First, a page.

Doubtless, you’ve heard of cloud computing and cloud hosting before, but what does it really entail? Despite cloud hosting increasing popularity and utility, many small and medium sized companies and organizations pass cloud computing and hosting by, often on the assumption that it’s too complicated or too expensive. These beliefs are borne of a simple lack of knowledge about cloud hosting. In the following article, we’ll provide you with a full and thorough understanding of what this slightly misleading term means, and why you might want to consider transferring to the cloud.

Cloud hosting

The Flaws of Dedicated Server Model

Before diving into clouding hosting, we’ll briefly consider the flaws of its antecedent: dedicated server hosting. The vast majority of businesses, blogs, and small scale sites continue to rely on single dedicated servers, which is basically akin to leasing one small square of web space and assuming you can trade up as and when it suits. This model is easy to manage, not technically difficult, and often quite cheap. However, this model is subject to certain significant vulnerabilities. In particular, dedicated servers are restrained by their hardware; that is to say, should anything happen to the server physically it can result in significant downtime.

Furthermore, dedicated servers are not nearly as scalable as their cloud cousins. For instance, a regular server customer that experiences a traffic spike will have to pay for extra dedicated resources to handle that spike, for a largely arbitrary period of time or to a limit predetermined by the provider. This can be incredibly wasteful and severely limits the potential for growth for certain types of e-commerce businesses.

What is Cloud Hosting?

Put simply, cloud hosting means that your website isn’t hosted on one single server, but several different servers – the so-called cloud – all of which work together to provide hosting benefits to your website that one single server cannot. Unlike shared or dedicated hosting, which rely on one machine, cloud hosting is reliant on several servers working in tandem as one system. Amongst the many advantages of cloud hosting, perhaps the most important is that websites hosted on clouds are almost guaranteed to never go down. Cloud hosting’s ability to process high traffic or traffic spikes is practically unlimited, because of the nature of the cloud. Even if one server breaks down, the other servers will back up the downed server’s data and there will be no downtime for your site.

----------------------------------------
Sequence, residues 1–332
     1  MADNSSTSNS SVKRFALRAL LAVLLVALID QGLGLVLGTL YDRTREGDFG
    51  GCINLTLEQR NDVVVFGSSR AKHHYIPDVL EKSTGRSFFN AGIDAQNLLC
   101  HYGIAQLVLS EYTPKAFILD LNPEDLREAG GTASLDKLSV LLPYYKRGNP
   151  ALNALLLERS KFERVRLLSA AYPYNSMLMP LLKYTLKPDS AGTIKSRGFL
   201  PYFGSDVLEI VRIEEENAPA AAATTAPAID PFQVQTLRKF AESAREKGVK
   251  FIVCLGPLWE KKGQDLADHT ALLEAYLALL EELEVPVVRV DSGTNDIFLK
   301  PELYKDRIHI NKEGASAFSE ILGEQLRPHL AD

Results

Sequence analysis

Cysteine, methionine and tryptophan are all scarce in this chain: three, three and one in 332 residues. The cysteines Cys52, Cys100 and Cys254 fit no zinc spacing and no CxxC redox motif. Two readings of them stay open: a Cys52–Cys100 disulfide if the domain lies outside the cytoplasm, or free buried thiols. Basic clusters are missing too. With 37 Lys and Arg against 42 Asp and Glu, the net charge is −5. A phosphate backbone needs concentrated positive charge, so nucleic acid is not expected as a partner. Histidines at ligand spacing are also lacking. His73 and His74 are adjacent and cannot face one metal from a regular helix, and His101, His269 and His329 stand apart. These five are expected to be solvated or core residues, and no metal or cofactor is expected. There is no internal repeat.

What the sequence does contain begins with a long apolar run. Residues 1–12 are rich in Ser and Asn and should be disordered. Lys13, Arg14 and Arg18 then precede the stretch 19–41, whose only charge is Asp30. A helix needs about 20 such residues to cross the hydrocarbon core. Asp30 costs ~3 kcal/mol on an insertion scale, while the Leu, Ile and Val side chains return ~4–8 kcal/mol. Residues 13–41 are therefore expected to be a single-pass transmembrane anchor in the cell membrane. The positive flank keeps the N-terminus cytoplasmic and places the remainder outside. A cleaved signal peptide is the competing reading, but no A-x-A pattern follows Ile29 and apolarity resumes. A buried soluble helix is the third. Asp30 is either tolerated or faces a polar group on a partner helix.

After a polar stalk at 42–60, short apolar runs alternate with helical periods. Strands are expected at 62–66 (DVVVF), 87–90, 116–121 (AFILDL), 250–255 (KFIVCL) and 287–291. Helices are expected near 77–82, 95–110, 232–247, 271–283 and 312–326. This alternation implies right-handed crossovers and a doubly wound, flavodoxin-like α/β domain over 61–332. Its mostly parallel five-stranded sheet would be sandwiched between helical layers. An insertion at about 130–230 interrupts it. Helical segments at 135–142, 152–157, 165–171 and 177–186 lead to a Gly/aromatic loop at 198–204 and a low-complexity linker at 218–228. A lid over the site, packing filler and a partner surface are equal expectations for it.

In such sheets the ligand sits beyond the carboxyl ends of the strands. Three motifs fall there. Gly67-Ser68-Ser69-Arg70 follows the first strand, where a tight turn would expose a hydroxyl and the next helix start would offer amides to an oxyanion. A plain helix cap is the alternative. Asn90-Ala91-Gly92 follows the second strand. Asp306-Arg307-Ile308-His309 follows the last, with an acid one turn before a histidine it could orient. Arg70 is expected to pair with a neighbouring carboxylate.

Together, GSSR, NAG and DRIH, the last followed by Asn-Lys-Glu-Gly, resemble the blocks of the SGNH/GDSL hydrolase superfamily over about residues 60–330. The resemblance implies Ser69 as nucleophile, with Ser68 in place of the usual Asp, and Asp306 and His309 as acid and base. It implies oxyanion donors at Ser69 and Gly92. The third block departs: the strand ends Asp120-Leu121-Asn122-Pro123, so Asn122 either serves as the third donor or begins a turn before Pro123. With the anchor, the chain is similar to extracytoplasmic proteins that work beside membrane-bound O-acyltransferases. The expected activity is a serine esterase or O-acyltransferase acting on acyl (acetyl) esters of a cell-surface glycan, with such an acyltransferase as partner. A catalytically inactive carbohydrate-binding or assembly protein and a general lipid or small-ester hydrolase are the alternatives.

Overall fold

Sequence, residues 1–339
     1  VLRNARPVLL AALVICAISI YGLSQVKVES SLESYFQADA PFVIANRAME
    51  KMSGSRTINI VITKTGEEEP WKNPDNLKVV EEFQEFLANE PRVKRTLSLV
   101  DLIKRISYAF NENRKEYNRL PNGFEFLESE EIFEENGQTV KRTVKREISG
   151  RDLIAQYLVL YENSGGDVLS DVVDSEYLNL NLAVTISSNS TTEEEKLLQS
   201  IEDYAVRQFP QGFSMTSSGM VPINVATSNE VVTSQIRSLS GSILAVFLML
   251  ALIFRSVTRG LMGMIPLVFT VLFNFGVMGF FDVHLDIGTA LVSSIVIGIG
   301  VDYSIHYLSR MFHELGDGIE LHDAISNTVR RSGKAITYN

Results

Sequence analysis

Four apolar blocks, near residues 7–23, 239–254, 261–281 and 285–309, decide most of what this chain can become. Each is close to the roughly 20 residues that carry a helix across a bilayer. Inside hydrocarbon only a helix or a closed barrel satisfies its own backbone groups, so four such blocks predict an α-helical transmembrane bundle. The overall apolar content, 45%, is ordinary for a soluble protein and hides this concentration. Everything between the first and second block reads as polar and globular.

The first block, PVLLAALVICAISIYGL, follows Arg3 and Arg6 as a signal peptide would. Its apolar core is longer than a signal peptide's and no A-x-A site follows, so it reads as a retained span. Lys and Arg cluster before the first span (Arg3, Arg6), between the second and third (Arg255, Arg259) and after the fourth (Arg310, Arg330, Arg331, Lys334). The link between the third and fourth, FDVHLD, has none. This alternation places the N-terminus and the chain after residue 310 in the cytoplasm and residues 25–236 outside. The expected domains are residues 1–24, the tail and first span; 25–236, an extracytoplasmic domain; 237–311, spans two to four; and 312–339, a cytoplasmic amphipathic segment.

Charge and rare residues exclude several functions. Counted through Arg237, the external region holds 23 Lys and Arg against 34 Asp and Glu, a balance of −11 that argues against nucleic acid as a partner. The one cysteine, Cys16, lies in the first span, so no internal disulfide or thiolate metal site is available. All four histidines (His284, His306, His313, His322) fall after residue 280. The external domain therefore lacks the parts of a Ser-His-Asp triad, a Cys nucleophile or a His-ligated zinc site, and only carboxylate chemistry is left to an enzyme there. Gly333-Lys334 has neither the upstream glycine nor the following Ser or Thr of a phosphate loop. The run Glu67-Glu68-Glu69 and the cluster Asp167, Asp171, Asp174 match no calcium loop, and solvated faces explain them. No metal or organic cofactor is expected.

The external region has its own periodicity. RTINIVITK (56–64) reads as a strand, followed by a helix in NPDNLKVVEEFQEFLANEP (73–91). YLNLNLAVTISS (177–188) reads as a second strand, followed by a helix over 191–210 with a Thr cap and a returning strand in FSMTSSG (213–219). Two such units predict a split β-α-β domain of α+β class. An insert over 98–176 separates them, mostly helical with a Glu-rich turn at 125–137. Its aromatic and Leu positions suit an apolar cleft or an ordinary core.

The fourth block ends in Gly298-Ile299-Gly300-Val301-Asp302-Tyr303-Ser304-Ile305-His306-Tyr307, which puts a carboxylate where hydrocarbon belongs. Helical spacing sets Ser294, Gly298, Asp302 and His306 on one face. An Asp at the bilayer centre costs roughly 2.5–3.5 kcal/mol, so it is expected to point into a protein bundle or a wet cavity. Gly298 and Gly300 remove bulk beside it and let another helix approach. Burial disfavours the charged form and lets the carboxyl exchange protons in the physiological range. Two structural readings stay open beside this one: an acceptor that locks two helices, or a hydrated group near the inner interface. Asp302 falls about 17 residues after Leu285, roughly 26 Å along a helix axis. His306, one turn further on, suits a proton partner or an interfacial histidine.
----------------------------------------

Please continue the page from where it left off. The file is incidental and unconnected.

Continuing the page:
Furthermore, Cloud hosting is cost-effective because it benefits from economies of scale. Hundreds of servers working together ensures that data is accessible almost anywhere, no local restrictions. The vast majority of popular online services run on cloud servers. Cloud computing is the backbone of Gmail, Facebook, and a whole host of other popular social media sites and services.The cloud is based on the processing power of virtual servers, based on the extensive networks of physical web servers. With a cloud hosting service, users can use the system according to their requirements, without having to pay extra or ordering additional capacity.

Ways to Migrate